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 Post subject: Re: The Cost of Virtue
PostPosted: Tue May 08, 2018 3:04 pm 
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It’s depressing. And at the same time, I’m
Not surprised. Which is also depressing.

He did admit to “role-playing and other consensual sexual activity”, denied the harsher charges.

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 Post subject: Re: The Cost of Virtue
PostPosted: Tue May 08, 2018 3:50 pm 
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Trump reportedly tweeted back in 2013 that Schneiderman would prove to be "worse than Spitzer or Weiner." That's kinda scary, actually.

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 Post subject: Re: The Cost of Virtue
PostPosted: Tue May 08, 2018 4:28 pm 
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There was a 1999 article quoting Trump as saying he knows what all the important people were up to in his hotel, with the implication that he can blackmail all of them. Maybe that explains some things.

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‘There’s no greys, only white that’s got grubby. I’m surprised you don’t know that. And sin, young man, is when you treat people as things. Including yourself. That’s what sin is.’
‘It’s a lot more complicated than that -’
‘No. It ain’t. When people say things are a lot more complicated than that, they means they’re getting worried that they won’t like the truth. People as things, that’s where it starts.’
Terry Pratchett, Carpe Jugulum


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 Post subject: Re: The Cost of Virtue
PostPosted: Fri May 11, 2018 6:13 pm 
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So Trump did know.

https://www.bloomberg.com/news/articles ... rman-women

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 Post subject: Re: The Cost of Virtue
PostPosted: Fri May 11, 2018 7:28 pm 
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The more I think about this (and after reading the letter that the lawyer, Mr. Gleason, filed in the Cohen search warrant case), the more bizarre it seems, and the more angry about it I get. Why did this lawyer think it was a good idea to pass this information on to Mr. Trump, who at the very least already had the reputation of being himself abusive to women? Of course, all that Trump did was immediately send out that cryptic tweet about Schneiderman. At best, Mr. Gleason led these women badly astray. At worse, he abused their trust.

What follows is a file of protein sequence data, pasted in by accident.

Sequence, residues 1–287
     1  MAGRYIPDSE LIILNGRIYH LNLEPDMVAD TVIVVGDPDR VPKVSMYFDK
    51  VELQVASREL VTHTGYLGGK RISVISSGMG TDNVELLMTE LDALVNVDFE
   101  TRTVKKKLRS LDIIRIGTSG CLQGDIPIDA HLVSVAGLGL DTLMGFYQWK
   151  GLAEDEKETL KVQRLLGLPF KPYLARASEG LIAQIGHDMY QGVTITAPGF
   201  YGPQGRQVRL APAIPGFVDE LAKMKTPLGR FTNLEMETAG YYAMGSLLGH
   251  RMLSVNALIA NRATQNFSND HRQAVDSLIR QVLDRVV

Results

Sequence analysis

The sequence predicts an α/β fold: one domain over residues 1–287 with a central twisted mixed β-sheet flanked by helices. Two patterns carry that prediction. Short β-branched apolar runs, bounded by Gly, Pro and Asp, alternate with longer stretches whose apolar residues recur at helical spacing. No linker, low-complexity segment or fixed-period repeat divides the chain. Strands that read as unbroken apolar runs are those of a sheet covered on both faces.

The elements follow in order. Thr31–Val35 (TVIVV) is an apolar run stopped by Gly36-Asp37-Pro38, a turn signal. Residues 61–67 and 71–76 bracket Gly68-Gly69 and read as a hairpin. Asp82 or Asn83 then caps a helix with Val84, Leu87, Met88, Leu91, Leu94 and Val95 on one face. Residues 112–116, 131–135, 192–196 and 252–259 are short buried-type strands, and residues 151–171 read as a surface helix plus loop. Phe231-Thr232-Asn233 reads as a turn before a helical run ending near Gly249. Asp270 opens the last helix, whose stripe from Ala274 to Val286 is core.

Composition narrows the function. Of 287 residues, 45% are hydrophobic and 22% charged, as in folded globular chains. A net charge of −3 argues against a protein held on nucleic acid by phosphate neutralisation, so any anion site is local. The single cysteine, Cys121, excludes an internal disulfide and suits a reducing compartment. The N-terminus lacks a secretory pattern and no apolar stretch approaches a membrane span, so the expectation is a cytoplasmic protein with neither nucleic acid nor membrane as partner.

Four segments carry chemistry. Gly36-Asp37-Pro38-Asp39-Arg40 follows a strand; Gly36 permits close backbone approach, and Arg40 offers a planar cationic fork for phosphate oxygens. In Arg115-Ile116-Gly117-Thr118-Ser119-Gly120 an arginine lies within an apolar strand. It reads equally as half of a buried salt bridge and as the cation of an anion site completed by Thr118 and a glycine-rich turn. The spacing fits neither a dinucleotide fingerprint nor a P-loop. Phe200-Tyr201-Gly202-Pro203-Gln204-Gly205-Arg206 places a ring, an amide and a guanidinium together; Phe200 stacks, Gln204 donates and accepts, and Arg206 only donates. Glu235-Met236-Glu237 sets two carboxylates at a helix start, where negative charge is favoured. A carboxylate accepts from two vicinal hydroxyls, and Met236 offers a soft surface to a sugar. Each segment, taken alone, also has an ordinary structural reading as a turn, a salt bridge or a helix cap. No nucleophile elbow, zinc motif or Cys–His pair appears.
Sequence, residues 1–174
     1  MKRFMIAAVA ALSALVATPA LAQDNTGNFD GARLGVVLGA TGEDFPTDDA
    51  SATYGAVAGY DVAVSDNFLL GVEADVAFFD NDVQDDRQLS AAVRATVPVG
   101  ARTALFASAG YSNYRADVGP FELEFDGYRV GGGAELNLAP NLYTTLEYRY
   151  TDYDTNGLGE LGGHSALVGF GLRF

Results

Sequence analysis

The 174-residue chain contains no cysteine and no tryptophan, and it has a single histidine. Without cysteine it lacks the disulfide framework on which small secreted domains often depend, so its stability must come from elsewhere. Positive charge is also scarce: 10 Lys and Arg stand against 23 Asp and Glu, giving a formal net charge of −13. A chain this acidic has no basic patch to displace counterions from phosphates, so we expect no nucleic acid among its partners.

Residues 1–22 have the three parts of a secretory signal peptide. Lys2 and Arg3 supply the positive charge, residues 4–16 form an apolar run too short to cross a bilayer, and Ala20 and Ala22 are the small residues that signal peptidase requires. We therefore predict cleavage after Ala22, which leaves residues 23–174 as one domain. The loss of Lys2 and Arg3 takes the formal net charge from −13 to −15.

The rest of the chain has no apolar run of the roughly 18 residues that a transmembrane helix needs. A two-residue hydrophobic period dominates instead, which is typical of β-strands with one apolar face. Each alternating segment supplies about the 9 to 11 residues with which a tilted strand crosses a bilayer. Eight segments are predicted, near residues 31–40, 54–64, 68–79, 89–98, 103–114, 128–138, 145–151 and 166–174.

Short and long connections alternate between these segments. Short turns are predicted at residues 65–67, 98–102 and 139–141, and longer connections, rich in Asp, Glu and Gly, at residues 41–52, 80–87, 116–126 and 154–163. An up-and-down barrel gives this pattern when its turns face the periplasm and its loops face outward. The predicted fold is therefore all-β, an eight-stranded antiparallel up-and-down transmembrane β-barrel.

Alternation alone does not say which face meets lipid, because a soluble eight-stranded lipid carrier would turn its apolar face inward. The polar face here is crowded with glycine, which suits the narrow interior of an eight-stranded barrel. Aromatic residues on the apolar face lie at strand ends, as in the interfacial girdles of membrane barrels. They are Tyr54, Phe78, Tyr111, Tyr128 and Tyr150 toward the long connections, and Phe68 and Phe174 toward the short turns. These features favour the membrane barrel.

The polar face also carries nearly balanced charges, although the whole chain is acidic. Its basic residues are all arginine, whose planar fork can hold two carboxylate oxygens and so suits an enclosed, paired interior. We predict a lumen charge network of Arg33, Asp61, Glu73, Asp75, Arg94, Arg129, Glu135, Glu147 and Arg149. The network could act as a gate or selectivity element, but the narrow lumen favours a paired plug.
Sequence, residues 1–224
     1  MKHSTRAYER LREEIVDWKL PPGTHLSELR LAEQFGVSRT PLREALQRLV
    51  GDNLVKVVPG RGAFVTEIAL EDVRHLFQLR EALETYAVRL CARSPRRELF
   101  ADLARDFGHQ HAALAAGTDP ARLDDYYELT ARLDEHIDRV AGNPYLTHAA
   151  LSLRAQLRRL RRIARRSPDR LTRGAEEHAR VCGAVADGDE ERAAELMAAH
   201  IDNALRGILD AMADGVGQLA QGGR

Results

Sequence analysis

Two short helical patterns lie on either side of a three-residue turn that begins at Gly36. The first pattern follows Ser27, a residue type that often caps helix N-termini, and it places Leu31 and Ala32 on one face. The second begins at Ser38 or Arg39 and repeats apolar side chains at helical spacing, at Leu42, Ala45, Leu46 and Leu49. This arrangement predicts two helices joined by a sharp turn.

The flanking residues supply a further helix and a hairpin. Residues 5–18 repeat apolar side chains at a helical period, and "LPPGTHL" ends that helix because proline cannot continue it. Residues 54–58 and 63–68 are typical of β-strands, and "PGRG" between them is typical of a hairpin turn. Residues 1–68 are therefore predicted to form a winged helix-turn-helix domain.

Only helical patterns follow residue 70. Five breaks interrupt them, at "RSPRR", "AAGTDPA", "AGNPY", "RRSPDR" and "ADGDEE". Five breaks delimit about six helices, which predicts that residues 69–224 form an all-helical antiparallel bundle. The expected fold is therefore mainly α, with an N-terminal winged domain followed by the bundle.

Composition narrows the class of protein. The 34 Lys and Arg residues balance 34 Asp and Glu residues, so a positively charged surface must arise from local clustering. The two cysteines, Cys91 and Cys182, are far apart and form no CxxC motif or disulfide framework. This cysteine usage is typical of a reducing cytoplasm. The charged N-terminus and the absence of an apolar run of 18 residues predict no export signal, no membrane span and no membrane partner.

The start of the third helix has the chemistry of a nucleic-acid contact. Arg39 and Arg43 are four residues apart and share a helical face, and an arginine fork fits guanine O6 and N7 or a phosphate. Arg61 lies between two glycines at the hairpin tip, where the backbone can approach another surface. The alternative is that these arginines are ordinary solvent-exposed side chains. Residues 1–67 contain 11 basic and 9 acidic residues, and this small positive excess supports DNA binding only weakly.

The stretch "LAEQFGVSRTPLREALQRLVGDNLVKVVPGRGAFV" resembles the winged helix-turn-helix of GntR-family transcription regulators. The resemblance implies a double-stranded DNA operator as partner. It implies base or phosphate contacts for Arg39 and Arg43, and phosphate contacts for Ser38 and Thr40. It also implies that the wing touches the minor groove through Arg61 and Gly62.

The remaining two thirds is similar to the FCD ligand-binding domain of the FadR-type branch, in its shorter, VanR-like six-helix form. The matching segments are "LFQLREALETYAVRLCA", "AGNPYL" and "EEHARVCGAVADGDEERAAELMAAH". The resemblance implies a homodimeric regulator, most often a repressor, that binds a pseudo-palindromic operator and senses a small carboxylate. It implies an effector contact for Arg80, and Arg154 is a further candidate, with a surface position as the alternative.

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 Post subject: Re: The Cost of Virtue
PostPosted: Fri May 11, 2018 8:36 pm 
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Gleason has straight out said in an interview that the reason the concerns were brought to Trump was because Schneiderman was suing Trump over the Trump University fraud. So Gleason basically was using these women as pawns and treating their confidential communications as bargaining chips. He should be immediately disbarred.

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 Post subject: The Cost of Virtue
PostPosted: Fri May 11, 2018 10:24 pm 
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And Gleason was the women’s lawyer?

ETA: yes, I see that he was. This is just disgusting and pathetic.

And a typical example of bloody old boy network.

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 Post subject: Re: The Cost of Virtue
PostPosted: Fri May 11, 2018 10:37 pm 
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(What ever did happen to the Trump University lawsuit?)

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 Post subject: Re: The Cost of Virtue
PostPosted: Fri May 11, 2018 11:34 pm 
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It was settled for $25 million soon after Trump took office.

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 Post subject: Re: The Cost of Virtue
PostPosted: Sat May 12, 2018 1:19 am 
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Gleason's actions are particularly despicable because he dissuaded the women from reporting Schneiderman to the authorities by convincing them that nothing would be done. He is apparently part of the 'deep state' conspiracy crowd (which perhaps also explains why he went to Trump). Now maybe it is true that their would have been reluctance to go after Schneiderman, but I think it more likely that the right officers/prosecutors would have been outraged. Not only would these two women who apparently turned to Gleason for help potentially gotten justice, perhaps other women who were (at least allegedly) victimized by Schneiderman might not have been.